Tim Henman will always be remembered as a hugely successful tennis player and he became the most successful British man in the sport for over fifty years. He reached number four in the world rankings, beat Roger Federer on a number of occasions and regularly reached the semi-finals of Wimbledon. Despite these achievements, he is largely regarded as a player who never quite fulfilled his full potential and regularly fell short during those crucial, match-winning moments. Was the enormous weight of expectation from the British public and media too much for Henman to handle? Or was he simply competing during a phenomenally tough and competitive era? 

Tim Henman remains hugely popular around SW19 and is still on the main committee for the All England Club. His performances at Wimbledon were always greatly anticipated and there was a huge amount of expectation whenever he took to the court. Sadly, he was unable to deliver a title in west London and despite shouts of “come on, Tim” ringing around Centre Court, he wasn’t able to succeed at the tournament.

Wimbledon record

Wimbledon was always Henman’s preferred slam and he relished playing on the grass courts. Despite a couple of semi-final appearances at the French and US Open, he came closest to breaking his duck at SW19.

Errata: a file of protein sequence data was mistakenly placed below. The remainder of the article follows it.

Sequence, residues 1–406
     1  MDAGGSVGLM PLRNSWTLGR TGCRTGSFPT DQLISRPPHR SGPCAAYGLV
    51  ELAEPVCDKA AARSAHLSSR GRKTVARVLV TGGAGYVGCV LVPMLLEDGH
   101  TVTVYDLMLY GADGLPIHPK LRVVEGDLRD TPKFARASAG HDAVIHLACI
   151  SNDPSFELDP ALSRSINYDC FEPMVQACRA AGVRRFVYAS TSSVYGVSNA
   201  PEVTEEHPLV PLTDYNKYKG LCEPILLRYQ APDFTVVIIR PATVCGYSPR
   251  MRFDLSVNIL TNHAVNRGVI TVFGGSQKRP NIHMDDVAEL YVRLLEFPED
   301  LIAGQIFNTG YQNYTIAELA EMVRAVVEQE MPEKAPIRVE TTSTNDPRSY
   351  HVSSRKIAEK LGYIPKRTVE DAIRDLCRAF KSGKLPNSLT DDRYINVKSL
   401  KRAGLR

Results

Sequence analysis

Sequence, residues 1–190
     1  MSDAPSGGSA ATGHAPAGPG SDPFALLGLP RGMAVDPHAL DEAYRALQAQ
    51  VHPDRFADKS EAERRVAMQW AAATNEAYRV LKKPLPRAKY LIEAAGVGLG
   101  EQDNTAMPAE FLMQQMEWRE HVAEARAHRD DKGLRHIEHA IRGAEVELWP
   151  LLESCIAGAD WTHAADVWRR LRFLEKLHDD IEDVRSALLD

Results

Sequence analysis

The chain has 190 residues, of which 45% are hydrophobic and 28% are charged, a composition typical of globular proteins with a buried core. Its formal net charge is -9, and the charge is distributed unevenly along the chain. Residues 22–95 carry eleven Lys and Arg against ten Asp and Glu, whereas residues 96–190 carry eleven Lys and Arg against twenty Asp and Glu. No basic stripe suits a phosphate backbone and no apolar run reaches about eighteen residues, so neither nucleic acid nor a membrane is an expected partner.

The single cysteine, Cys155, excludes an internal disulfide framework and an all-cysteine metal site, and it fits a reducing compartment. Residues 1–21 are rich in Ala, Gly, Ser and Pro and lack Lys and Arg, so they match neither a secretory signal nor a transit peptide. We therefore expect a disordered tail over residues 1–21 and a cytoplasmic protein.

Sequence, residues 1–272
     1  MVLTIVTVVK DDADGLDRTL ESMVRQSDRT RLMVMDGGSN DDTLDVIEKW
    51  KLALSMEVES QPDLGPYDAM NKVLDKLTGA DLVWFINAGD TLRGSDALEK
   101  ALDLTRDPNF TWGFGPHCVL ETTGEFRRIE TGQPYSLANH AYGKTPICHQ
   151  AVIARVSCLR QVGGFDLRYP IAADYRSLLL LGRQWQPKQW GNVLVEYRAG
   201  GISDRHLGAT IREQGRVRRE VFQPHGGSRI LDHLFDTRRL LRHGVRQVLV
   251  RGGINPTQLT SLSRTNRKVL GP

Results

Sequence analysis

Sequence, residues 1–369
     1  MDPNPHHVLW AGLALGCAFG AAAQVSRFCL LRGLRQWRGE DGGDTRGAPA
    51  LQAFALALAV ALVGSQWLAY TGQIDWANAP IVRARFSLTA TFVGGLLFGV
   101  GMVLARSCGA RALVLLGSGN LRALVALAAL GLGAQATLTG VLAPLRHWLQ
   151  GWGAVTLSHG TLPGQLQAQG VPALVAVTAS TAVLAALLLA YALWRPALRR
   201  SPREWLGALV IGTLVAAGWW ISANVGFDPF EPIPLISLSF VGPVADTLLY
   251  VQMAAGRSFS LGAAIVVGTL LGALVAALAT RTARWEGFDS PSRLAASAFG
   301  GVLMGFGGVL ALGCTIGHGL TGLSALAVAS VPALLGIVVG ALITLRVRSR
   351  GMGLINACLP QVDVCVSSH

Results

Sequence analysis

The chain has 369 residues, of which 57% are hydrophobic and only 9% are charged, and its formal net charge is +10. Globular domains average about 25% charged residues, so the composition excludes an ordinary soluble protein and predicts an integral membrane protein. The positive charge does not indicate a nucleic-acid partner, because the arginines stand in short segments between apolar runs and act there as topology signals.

He announced his arrival in 1996 by reaching the quarter-final of Wimbledon where he lit the touchpaper of expectation amongst the British public. Even non-sports fans would pay a passing interest in Tim Henman’s progress at the third Grand Slam of the season and his 1998 semi-final four-set defeat to the mercurial Pete Sampras had the entire nation captivated. He had become the first Briton to reach this stage since 1973 and beat Pat Rafter en-route but despite the fierce patriotism within the venue, it was Sampras who prevailed.

It was deja-vu just twelve months later as Sampras ended Henman’s winning sequence with yet another four-set success in the semi-final. The Brit secured the opening set and expectation was high but Sampras found an extra gear and the hopes of the home crowd were dashed once more.

Henman’s epic battle with Goran Ivanisevic in 2001 is one of the more memorable matches of the last twenty years with the Oxford-born player coming within two points of securing a place in the final. It was a rain-interrupted game which further eked out the pain for British tennis fans and it was the Croatian who eventually booked his place in the showpiece.

His crushing defeat to Lleyton Hewitt in the 2002 semi-final was a particular low-point in Henman’s career and although he reached two more quarter-finals, he called time on his career having never made it beyond the final four at Wimbledon.


Tim Henman became a beacon of national hope and, for two weeks each year, he flew the flag for Great Britain and became a symbol for misplaced sporting optimism. Dubbed “Henmania”, his dedicated fans regularly descended upon SW19 and tennis enthusiasts up and down the country gathered in pubs and living rooms to follow the progress of the home hope. Fans winced at every unforced error, cheered at each successful half-volley and regularly imparted words of encouragement throughout the contest but any optimism accrued during the early stages of the slam soon turned to anguish and despair.